Ryan's Take On The NHL Realignment

It’s great!

Still not convinced after such a solid argument? Then let’s get into detail.

As the first to post my thoughts of the realignment on BoltsByTheBay.com, it’s necessary to first explain what exactly happened and what this shuffle means on a general level. The realignment simply cut the East and West conferences into two each and are simply referred to (for now) as A,B,C, and D. A and B consist of eight teams each while C and D consist of seven. Teams such as the Detroit Red Wings have been asking for conference changes for years and this realignment became an absolute necessity ones the Atlanta Thrashers moved to Winnipeg. The main things that this realignment improves are geographical proximity and convenience as well as rivalries.

26 teams in the NHL voted in favour of this change.And now here we are. For this reporter, the realignment gives fans two things to be thankful for.


First is geography. There are sub-categories of how the realignment helps. The first is obvious – using the Detroit Red Wings as an example, teams aren’t travelling as much and playing as late. The fans can now watch their teams play within their own time zones. Simply put: fans can watch their teams. Added to this, sluggish play due to consistent travel will dwindle. Players can be expected to put on even greater performances on a regular basis because they have the opportunity to be better rested.

Speaking of fans being able to watch their teams more conveniently, the realignment also helps fans from one city who cheer for a team from another city to see their team(s). I’ll use myself as an example – I cheer for the Tampa Bay Lightning and the Ottawa Senators, but here I am stuck in Toronto. The realignment will improve the scheduling so that every team will play in every areana at least once a season. That gurantees me that the Bolts will be in Toronto every year. This is a huge improvement as not everyone cheers for the city they reside in. On top of this, out-of-conference teams will play each other at least twice – once and home and once on the road – allowing fans to see these games televised as well. Everyone gets to see their team more often!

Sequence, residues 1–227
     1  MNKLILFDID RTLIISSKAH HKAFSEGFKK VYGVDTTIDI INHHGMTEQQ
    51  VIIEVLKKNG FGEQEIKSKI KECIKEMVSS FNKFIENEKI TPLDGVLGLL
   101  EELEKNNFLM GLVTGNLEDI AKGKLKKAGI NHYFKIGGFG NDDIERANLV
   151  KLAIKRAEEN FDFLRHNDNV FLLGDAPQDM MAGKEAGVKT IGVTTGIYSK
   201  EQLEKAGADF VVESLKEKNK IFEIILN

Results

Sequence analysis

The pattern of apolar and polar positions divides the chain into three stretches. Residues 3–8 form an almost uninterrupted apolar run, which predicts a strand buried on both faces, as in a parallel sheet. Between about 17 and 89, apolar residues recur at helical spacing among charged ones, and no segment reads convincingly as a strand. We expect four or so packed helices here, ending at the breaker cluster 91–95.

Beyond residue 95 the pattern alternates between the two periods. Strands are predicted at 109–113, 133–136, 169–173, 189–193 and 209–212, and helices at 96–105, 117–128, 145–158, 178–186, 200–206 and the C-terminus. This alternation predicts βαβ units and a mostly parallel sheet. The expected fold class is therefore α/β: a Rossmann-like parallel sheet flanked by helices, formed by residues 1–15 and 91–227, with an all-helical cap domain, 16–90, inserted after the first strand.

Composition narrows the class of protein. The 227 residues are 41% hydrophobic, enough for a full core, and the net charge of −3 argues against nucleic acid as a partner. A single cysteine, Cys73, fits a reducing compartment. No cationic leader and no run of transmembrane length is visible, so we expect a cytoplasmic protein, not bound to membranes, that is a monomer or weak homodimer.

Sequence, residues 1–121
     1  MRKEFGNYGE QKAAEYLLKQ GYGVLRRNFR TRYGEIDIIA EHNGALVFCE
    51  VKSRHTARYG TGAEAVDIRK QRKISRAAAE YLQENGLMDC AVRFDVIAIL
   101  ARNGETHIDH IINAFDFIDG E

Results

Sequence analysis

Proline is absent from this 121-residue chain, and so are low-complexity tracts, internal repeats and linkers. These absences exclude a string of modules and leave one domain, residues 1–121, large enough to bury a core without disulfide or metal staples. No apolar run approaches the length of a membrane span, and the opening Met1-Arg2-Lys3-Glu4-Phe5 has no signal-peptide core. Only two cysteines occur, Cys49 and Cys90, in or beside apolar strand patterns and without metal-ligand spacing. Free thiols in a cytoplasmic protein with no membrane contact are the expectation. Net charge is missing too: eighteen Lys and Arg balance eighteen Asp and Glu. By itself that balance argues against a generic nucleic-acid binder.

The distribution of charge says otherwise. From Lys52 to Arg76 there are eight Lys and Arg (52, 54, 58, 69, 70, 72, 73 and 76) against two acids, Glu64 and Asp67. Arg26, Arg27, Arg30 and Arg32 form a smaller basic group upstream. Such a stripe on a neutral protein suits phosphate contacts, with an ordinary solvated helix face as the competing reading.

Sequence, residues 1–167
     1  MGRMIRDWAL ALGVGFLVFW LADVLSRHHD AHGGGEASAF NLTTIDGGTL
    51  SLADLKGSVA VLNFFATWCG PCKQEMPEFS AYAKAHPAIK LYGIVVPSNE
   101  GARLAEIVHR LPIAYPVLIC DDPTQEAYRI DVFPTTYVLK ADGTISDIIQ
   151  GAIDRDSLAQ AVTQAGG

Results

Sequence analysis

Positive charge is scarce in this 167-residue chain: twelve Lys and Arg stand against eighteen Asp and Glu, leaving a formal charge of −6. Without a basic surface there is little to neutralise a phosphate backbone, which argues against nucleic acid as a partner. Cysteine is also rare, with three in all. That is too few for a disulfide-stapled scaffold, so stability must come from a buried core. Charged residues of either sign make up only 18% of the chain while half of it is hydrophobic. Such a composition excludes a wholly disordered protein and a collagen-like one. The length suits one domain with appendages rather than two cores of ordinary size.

The second major aspect that the realignment helps: rivalries. Obviously, this means a lot of old rivalries will come back with force but the four-conference layout also provides fodder for new rivalries to establish themselves. This is because throughout the regular season and the first two rounds of the playoffs, teams will play the majority of their games against inter-conference teams. Here are some examples of what fans will get to see more of: Edmonton and Calgary in conference A, Nashville and Detroit in conference B, Boston and Montreal and Toronto and Ottawa in conference C, and Washington and Pttsburgh in conference D. These rivalries give the fans what they want which in turn increases ratings and ticket sales and help the business that is the NHL.

Sure, there are still kinks. The playoff system, which says “the top four teams in each conference will play one another in the first two rounds of the playoffs, with the winner of each of these mini-tournaments advancing to the Stanley Cup semifinals” still seems a little confusing and off, but overall, this overhaul was needed. It would not have the approval of 26 out of 30 teams if there was no hope in the new system.


Follow on Twitter: @do_the_Ryan

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